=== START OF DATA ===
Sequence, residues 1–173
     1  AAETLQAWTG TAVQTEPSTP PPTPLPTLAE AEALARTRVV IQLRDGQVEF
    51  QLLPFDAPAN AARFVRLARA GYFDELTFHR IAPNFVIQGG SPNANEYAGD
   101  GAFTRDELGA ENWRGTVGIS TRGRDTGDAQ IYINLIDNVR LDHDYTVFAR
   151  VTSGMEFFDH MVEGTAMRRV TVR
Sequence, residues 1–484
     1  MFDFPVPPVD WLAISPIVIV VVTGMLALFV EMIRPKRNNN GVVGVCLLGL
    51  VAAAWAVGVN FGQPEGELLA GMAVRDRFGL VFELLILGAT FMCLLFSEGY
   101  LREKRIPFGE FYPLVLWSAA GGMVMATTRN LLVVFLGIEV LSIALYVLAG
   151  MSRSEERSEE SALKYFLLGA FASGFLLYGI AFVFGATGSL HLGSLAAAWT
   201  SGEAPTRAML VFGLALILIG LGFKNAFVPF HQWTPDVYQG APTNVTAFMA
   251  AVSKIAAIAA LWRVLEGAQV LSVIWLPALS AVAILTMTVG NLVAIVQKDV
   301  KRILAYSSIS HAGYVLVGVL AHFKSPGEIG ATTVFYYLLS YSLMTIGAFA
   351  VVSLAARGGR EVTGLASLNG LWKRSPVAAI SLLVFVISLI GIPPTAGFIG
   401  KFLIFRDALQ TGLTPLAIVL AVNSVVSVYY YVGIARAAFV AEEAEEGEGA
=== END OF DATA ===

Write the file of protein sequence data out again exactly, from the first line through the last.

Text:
Sequence, residues 1–173
     1  AAETLQAWTG TAVQTEPSTP PPTPLPTLAE AEALARTRVV IQLRDGQVEF
    51  QLLPFDAPAN AARFVRLARA GYFDELTFHR IAPNFVIQGG SPNANEYAGD
   101  GAFTRDELGA ENWRGTVGIS TRGRDTGDAQ IYINLIDNVR LDHDYTVFAR
   151  VTSGMEFFDH MVEGTAMRRV TVR
Sequence, residues 1–484
     1  MFDFPVPPVD WLAISPIVIV VVTGMLALFV EMIRPKRNNN GVVGVCLLGL
    51  VAAAWAVGVN FGQPEGELLA GMAVRDRFGL VFELLILGAT FMCLLFSEGY
   101  LREKRIPFGE FYPLVLWSAA GGMVMATTRN LLVVFLGIEV LSIALYVLAG
   151  MSRSEERSEE SALKYFLLGA FASGFLLYGI AFVFGATGSL HLGSLAAAWT
   201  SGEAPTRAML VFGLALILIG LGFKNAFVPF HQWTPDVYQG APTNVTAFMA
   251  AVSKIAAIAA LWRVLEGAQV LSVIWLPALS AVAILTMTVG NLVAIVQKDV
   301  KRILAYSSIS HAGYVLVGVL AHFKSPGEIG ATTVFYYLLS YSLMTIGAFA
   351  VVSLAARGGR EVTGLASLNG LWKRSPVAAI SLLVFVISLI GIPPTAGFIG
   401  KFLIFRDALQ TGLTPLAIVL AVNSVVSVYY YVGIARAAFV AEEAEEGEGA